A Few Notes From California

California has never seemed especially secretive about its accomplishments, but it is always startling for one who visits that state at long intervals to find how much it has, justifiably, to talk about. One tends to take for granted the charms of its climate, only to be surprised anew by them at almost any season. The impression of open space and the fierce local determination to fill it or remodel it or improve it give pause to even the hardiest booster from other parts: one gapes, duly, at the new “retirement community,” a town in full working order where no town existed a year or two ago; one accepts offhand the probability that another town will occupy those parts of the desert where now a few street signs — “48th Street,” or a few miles farther on, “46th Street” — are the only evidence of human activity. The vine-ripened tomatoes, picked and served at the peak of their lifespan, are better than the visitor had remembered them to be.

All the more mystifying, then, during a few weeks in California this spring, was what seemed to me a total failure to exploit and advertise two of the state’s great achievements: the artichoke and California sourdough bread.

The sourdough bread is doubtless old stuff to Californians, but I had missed it on my few previous sojourns there, and its virtues are certainly not being made known along the Atlantic seaboard. It is far and away, for my taste, the best bread I have eaten and makes better toast than any other commercially produced bread I have had in this country. It may have varied slightly locally — perhaps in freshness as much as ingredients or production methods — but it was all wonderfully good: much like a hearty homemade white bread in the shape of a French loaf, with a thin, crisp crust and an indescribably tangy flavor. The best of it came in unsliced loaves, and one cut it thin for sandwiches and thicker for toast.

If California were to invade the East with the best of its sourdough bread, and withstand the inevitable attempts of the big commercial bakeries to doctor it and “preserve” it and cheapen it with various chemical shortcuts, I would expect a huge market to open up for this great delicacy. In a world of foodstuffs based on the proposition that taste doesn’t count and that the public wouldn’t know the difference anyhow, it was a profound satisfaction to come upon so distinctive a proof to the contrary.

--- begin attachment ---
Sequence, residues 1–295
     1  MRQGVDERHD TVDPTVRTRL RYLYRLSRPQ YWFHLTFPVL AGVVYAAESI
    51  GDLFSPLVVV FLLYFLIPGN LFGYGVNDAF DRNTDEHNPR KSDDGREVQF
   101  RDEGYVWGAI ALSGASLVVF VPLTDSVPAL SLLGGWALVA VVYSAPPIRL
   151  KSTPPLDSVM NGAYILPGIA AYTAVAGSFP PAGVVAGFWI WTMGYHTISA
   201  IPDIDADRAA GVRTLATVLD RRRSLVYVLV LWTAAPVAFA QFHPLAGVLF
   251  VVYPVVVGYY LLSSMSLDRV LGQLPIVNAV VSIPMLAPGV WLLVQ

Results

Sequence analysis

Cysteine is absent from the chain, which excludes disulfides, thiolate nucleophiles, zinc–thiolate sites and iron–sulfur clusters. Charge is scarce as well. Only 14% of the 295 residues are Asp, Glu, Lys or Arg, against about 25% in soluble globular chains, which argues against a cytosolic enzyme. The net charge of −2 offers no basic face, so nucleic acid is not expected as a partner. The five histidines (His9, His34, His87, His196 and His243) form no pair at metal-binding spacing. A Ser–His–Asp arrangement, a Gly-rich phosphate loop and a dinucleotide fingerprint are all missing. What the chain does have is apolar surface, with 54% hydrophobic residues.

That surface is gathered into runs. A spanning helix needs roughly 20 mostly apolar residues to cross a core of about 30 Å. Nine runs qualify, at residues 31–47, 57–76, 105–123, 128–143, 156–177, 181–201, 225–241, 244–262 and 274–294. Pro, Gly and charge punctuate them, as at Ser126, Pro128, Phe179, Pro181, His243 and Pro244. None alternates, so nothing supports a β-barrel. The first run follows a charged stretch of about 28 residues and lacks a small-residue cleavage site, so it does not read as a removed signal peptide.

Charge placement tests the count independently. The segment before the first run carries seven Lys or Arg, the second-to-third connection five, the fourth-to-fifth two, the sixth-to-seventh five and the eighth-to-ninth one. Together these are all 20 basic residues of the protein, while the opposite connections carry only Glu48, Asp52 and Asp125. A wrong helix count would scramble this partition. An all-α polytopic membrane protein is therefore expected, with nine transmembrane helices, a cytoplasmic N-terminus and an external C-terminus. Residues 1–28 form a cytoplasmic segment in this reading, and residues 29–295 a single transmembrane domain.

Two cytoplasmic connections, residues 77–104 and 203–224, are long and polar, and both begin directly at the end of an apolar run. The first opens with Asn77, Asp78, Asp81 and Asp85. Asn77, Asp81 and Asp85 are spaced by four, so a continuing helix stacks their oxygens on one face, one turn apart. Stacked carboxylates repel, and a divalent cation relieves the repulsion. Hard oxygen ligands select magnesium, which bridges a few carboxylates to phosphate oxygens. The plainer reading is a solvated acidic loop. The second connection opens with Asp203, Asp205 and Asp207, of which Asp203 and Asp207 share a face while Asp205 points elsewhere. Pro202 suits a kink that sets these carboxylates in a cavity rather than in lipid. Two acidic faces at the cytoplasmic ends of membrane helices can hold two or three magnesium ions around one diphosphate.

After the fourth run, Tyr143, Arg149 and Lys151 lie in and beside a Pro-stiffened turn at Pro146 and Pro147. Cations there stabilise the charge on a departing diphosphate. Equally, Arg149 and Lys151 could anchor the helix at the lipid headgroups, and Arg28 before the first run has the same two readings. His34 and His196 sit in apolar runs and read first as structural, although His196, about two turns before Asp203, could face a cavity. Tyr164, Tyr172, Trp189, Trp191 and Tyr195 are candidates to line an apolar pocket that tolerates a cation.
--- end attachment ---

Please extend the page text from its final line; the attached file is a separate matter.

The artichoke, alas, was something else again.

The artichoke, plain boiled and served hot or cold, has considerable standing as a vegetable. It is offered at many of the best eating places in the Eastern part of this country; it is esteemed in Paris; Rome thinks highly of it. Along with the fresh local asparagus, whose season is all too short, I put the artichoke at the top of the list. California is the great artichoke-producing state, and we looked forward eagerly to evidence of this during our time there. We were traveling by car, and our route was roughly from Palm Springs, though Santa Barbara and Carmel, to San Francisco.

In none of the restaurants — perhaps thirty in all — did we find a menu listing the artichoke. Inquiries in many of these places were received blankly, as if we were asking about something outlandish, while the others simply replied that they did not serve artichokes, as if somehow they had tried out the vegetable and found it sadly wanting. The only strike I made on the whole trip was in a supposedly good San Francisco restaurant, which produced for me an aggressively cold, quite tasteless artichoke which must have spent the previous week in a refrigerator.

We had really revived hopes as we passed, along the road from Monterey to San Francisco, many miles of vast artichoke farms, some with large roadside stands and signs “We Ship” or “We Mail” and handsome displays of outsize artichokes. But we gave up the search altogether the next night, when my wife elected to try “Artichoke Hearts Sauté” in what was cracked up to us as the best or next best of the San Francisco restaurants. I wondered whether she might be getting what the Europeans call “the heart,” the more tender inner cone of leaves, and not “bottoms,” but what she was served was something neither of us could have expected: a saucer containing eight or a dozen small lumpy objects, lightly browned in butter, which proved to be Jerusalem artichokes and which the waiter insisted were indeed artichoke hearts. The same restaurant, incidentally, served my wife a sweetbread so rubbery as to be quite inedible.

I should welcome any explanation from a Californian on the unavailability of artichokes in restaurants. There must be one, for our friends in San Francisco spoke fondly of the local artichoke and especially of its price, which at times is as low as 25 cents a dozen. Are they simply too cheap to be eaten in public?